If you and yours are in South Africa and think that egg donation is something you want to do, I won’t hesitate to recommend Nurture. Tertia, Melany, Lee and the rest of the team are absolute angels.
I have been asked so many times since I started all of this: “Why donate your eggs?”
I don’t have one specific answer – I have dozens of reasons, and you’ll probably get a different answer every day. Yes, they pay me. But mostly I’ll say it’s because I want to do something spectacular for somebody else. I want to give somebody else the chance at a family. I can think of dozens of reasons why I do donate – and not a single reason why I shouldn’t.
I’m 24 and single, although not a Bridget-Jones-cry-into-my-wine kind of single (well, not often at least). Do I see children in my future? I hope there will be. But my family is without a doubt the most important thing to me. I get family.
Egg donation, in a nutshell, involves harvesting a number of healthy, ripe eggs from a donor before fertilising them and transferring them to the mother – where, all fingers and toes crossed, they hang around for nine months.
My journey to Nurture – the organisation that has facilitated my first two donations – started almost a year before the first time I donated. I had a boyfriend who had donated sperm before we started dating, and I was inspired. I started investigating egg donation agencies but it was Nurture that “clicked” with me.
Founded in 2008 by Tertia Albertyn (a recovering infertile) and Melany Bartok (herself a past donor), Nurture has become one of the top agencies in South Africa. I was in good hands, though I didn’t really know it yet.
When I finally got my act together, filled out my entire medical history and committed to Nurture, the process was almost entirely smooth-sailing for me. Firstly, I met with two of the Nurture women – Melany and my donor liaison Lee, who became my apparent stand-in sister – for a coffee date at Cavendish. We went through the process, they explained the risks and the procedure, and double-checked that I was keen to sign up. After meeting with them, I was extra keen.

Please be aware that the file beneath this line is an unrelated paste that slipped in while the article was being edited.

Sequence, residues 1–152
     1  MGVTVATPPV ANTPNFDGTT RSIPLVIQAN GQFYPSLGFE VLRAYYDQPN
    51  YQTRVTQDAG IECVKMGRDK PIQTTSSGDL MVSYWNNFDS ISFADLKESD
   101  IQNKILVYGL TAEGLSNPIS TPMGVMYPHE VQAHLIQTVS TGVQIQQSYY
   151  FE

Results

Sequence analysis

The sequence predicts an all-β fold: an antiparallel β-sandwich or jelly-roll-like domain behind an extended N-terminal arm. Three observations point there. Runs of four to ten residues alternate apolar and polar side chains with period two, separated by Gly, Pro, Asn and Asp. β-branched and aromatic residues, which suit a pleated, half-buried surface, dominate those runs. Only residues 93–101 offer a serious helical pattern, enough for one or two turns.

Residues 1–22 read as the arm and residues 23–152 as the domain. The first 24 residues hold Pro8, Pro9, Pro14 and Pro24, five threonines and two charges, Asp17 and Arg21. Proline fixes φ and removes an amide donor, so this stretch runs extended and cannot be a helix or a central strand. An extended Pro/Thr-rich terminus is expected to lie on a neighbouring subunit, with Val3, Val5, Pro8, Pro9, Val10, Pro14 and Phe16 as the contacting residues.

From there, I scheduled a psychological evaluation at the Cape Fertility Clinic – which would be performing the egg retrieval. Every donor is required to have an hour-long meeting with a psychologist to ensure that they understand the process, but my meeting became a wonderful chat with the psychologist Leanne, who thankfully decided I wasn’t entirely crazy and signed me off.
I also had an initial appointment with Dr Le Roux, the doctor who performed my first retrieval. This appointment was, in my mind, quite daunting but I shouldn’t have worried. A quick internal check-up to make sure everything was okay inside and another chat about the procedure, and I was packed off to the pathologists to be tested and cleared for HIV, syphilis and hepatitis. Obviously, if you are HIV positive or have hepatitis, you cannot donate, and so these blood tests are compulsory. This physical examination is repeated every time you donate – so if you donate four times, you’ll be examined and tested four times.
Let’s get fertile
After you’ve got the all-clear, the next step is to synchronise your menstrual cycle with your recipient’s and then start the daily fertility injections. All donors are placed on a short, light course of a medication that stimulates follicle growth. In my case, this was Gonal-F, which stimulates the ovaries to produce more eggs.
I know that the daily injections put off a lot of women and honestly, they were probably the worst part. But you’d be surprised how quickly you get used to them! During this time, you have a further two or three scans with the doctor to make sure everything is A-okay. Near the end of your fertility injections, you’re also given a shot of Cetrotide – a medication to ensure you don’t spontaneously ovulate – before being given two “trigger” shots to ripen the eggs 36 and 24 hours before you donate.
The first time I donated, I was fortunate in that I responded beautifully to all the medication – Dr Le Roux was always so pleased with my scans and I realised I was quite proud of myself. Strange, seeing as women are “supposed” to ovulate, but hey, I like being good at things. The second time, I was a bit of a “slow starter” which goes to show: It’ll never be the same for every woman, every time.
The actual donation procedure takes place around 14 days after starting the fertility injections – depending on how you respond. I have also been asked so many times “Weren’t you terrified? Aren’t you scared something will go wrong? What if you can’t have your own babies later on?” Honestly, the thing I was most scared of the whole way through was not being able to give my recipient what she’d been dreaming of. I was never truly scared of any complications (although obviously it has to be in the back of your mind) but I had so much faith in Dr Le Roux and his team that I was more worried about not being able to bring my side to the party.
Donation day dawns
So what happens on donation day? You’re admitted sometime in the morning, and get dressed into possibly the least sexy hospital gowns of all time. You’re checked out by the anaesthetist, a nurse fusses over you, and you’re led through to the theatre. You’re then put under a “twilight anaesthetic” – enough to knock you out long enough for them to do the retrieval so you won’t feel a thing.